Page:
The story told goes something like this: while on tour for her debut album, There’s Always Glimmer (2018), Gia Margaret lost her voice, which forced her to reconsider the compositional possibilities of her music. The result was her sophomore effort Mia Gargaret (note the switched first letters) from 2020, a beguiling work that marked a tentative reinvention as the LP’s title subtly suggested. In place of more conventional songs guided by her voice and lyrics were a set of tracks that moved intuitively through tone and mood, utilizing piano fragments and the sampling of found sounds to articulate emotional experience.
Margaret’s new album, Romantic Piano, refines this approach. Like its predecessor, the defining feature of this LP is its minimalism, with vocals kept to only two tracks out of 13 total. Yet the word “minimalism” may also be misleading. The songs on this album are indeed quiet. However, as such, they conceal multiple layers of piano, field recordings, synth loops, and percussion. Margaret has referred to her music as “sleep rock”, though one gets the idea this description is a bit facetious. The net effect is that Romantic Piano asks you to huddle closer, to consider what makes a song work and what even makes a song a song.
The opening track, “Hinoki Wood”, is a good example of this approach. Barely over a minute and a half in length, it consists of Margaret on piano, softly playing simple variations of a ragtime blues melody, with an unobtrusive synth providing a low audible backdrop. With its elements of dream-like nostalgia and calm presentism, the sound imparted is both familiar and new at once.
Subsequent tracks build upon this elemental foundation while avoiding the pitfall of repetition due to restrained technique or limited material. Erik Satie is referenced in the publicity materials, which makes complete sense. Her use of field recordings, in particular, allows Romantic Piano to move into different spaces and times of the day. For example, “Cicadas” uses the sound of these insects to invoke a feeling of childhood summers at dusk. “2017” has the sound of a playground with its din of children shouting and playing, accompanying Margaret’s piano. Rainfall is the pronounced element in “Cinnamon”.
“City Song” is a standout as one of two songs with her vocals. Her lyrics are what you might imagine: precise and opaque at once. They are designed to map feelings rather than offer firm conclusions. Her lines consist of fragmented thoughts that form a collage of memory and solitude. “And the birds fly high/ we stay up all night,” she sings, “With one arm reaching out I can almost feel you / I can almost feel you. I can’t really say where the memories fade.” A climax comes in the form of a dream: “In a flashback, I saw you / With so much to tell / The revolving doors hit in a tentative spell.”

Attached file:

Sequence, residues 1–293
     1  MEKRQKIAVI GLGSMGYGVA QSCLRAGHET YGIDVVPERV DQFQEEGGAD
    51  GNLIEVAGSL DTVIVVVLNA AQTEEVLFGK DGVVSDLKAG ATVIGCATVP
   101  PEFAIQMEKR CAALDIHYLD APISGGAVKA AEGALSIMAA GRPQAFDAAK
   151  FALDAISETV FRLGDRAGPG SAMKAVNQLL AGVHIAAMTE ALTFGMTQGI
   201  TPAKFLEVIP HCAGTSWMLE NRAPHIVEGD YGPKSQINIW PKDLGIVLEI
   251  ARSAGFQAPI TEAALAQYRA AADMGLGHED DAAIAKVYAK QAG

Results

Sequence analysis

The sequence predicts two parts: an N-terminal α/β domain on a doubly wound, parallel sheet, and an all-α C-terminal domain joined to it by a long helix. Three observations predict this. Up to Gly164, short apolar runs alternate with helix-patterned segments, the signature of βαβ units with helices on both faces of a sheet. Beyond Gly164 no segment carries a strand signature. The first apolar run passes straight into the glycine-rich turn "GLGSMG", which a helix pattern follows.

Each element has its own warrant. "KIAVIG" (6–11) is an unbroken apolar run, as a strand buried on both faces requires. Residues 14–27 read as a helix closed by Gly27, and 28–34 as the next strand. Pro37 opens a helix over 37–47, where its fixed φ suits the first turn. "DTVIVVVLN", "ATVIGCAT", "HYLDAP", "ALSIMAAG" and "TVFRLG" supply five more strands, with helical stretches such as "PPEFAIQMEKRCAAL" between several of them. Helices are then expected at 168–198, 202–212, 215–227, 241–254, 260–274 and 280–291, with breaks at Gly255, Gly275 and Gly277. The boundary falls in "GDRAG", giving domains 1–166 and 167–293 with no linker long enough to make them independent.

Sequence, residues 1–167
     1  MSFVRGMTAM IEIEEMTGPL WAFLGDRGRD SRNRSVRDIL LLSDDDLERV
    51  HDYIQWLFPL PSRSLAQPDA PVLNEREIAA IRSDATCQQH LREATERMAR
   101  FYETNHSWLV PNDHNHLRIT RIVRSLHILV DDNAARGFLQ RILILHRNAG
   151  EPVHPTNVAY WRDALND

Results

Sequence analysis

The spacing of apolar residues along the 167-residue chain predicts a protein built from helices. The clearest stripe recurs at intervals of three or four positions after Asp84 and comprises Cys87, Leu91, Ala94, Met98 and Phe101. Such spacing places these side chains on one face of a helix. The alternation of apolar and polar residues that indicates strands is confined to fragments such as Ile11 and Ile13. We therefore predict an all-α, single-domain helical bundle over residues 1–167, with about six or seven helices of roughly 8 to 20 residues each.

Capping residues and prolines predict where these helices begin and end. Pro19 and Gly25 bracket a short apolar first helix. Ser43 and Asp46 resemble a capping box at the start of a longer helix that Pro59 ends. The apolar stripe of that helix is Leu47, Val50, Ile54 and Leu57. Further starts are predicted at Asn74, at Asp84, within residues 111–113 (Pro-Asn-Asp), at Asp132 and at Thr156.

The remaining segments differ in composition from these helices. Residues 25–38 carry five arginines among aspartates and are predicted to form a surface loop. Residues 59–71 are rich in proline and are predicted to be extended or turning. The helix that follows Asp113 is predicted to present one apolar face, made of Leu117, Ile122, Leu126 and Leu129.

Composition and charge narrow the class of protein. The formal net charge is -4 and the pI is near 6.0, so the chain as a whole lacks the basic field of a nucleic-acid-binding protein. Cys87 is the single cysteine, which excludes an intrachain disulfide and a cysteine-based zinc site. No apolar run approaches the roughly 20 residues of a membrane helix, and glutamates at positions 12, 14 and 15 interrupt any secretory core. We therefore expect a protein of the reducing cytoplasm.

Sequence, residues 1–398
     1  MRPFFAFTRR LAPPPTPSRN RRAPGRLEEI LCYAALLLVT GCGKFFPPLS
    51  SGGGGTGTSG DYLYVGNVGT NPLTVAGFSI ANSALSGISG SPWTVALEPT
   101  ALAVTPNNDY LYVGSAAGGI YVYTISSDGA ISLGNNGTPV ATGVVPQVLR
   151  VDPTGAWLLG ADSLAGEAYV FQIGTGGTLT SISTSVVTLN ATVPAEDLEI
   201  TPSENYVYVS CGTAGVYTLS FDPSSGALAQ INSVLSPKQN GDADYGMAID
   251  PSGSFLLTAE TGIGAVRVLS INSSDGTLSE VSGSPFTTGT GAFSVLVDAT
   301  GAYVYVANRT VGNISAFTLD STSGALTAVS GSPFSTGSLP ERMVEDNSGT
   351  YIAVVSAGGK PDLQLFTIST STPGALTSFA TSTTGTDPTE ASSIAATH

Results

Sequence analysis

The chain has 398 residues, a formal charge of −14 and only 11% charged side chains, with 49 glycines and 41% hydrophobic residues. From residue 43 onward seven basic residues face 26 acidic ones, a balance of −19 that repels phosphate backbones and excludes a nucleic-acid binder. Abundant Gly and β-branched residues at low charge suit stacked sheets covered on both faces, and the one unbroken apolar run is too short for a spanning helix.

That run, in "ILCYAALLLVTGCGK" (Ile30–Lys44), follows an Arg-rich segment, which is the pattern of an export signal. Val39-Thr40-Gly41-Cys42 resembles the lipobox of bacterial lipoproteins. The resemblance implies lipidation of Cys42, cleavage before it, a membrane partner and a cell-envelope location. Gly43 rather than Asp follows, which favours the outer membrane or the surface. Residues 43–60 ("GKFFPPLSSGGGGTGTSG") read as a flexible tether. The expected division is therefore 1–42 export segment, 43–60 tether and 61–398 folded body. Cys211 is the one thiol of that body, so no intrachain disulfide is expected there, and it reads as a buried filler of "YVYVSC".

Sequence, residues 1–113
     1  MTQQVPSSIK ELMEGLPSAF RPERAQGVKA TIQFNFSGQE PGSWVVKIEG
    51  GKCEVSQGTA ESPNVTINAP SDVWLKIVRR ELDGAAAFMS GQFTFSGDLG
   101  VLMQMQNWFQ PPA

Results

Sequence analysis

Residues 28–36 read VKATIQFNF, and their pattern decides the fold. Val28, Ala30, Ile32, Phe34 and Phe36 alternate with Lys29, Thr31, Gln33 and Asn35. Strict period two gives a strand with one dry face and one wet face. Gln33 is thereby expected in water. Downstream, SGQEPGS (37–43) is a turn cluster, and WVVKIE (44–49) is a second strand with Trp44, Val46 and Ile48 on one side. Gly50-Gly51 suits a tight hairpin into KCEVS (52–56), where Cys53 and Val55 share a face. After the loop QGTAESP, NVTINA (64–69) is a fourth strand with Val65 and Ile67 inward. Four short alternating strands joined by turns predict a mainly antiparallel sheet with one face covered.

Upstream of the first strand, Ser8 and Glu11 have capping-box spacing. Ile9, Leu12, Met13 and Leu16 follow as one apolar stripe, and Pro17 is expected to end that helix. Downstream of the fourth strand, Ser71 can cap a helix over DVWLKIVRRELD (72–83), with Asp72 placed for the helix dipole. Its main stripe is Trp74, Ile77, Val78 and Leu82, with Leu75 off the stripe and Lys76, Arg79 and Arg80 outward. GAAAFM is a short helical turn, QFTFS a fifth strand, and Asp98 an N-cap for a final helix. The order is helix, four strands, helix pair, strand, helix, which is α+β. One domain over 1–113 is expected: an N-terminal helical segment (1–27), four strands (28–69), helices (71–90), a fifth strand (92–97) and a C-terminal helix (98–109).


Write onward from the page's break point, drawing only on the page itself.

These lyrics, which navigate the physical and imaginative worlds, reflect how the music hovers within the liminal space between consciousness and unconsciousness. Nostalgia is posed as an intermediate feeling to work things through. Though Margaret is based in Chicago, “City Song” has the careful detail and evocativeness of a poem in The New Yorker, with its ability to capture the ordinariness and beauty of city life. There is an urbane quality to her work that differentiates it from that of similar singer-songwriters of her generation.
Listening to Romantic Piano had me going back to her past work to understand why. Her debut, There’s Always Glimmer, is the most conventional of Margaret’s three records, with her vocals and standard song structures found across the album. Songs like “Birthday” have a bold pop-rock presence. Though field recordings are not absent from There’s Always Glimmer, her second LP makes fuller use of this practice for the reasons explained earlier. Snippets of overheard conversation (“Barely There”) and water crashing gently along a shoreline (“Lakes”) are part of the mix on Mia Gargaret, adding touches of context that ground her compositions in a relatable world.
In this regard, Margaret’s work has a definable human presence. Despite existing perceptions, it does not fall completely into the world of ambient music, at least as exemplified by Brian Eno and, say, Kraftwerk. The liner notes for Romantic Piano state that its field recordings were taken in Frankfort, Michigan; Bainbridge Island, Washington; and Chicago. It’s this technique, her strategic use of documentary sounds, that distinguishes Margaret’s work. It also creates anticipation. When her voice does come in, like on “City Song” and “A Hidden Track”, it has the effect of being quietly show-stopping. You pause to listen.
Music like that found on Romantic Piano stirs reverie and subjective free association. Margaret’s voice may remind the listener of Chan Marshall (Cat Power), though it possesses the interiority of an internal monologue, like someone whispering to themselves. Compositionally, Romantic Piano recalls the Louisville, Kentucky, project Rachel’s, helmed by Christian Frederickson, Rachel Grimes, and the late Jason Noble. Their album The Sea and the Bells (1996) and especially its opening song, “Rhine & Courtesan“, seem like important precursors to Margaret’s aesthetic. More distantly, I am reminded of Paul Klee’s ambition to master simplicity and to return to a child’s worldview, as seen in drawings like Twittering Machine (1922) and Fish Magic (1925).
Taken together, this album is informed by sentiments of innocence and experience. It has gorgeous moments that replace silence by reorganizing the background sounds of everyday life, which is arguably what all music should do. With Romantic Piano, Gia Margaret has perfected her voice. She had to lose her voice to find it.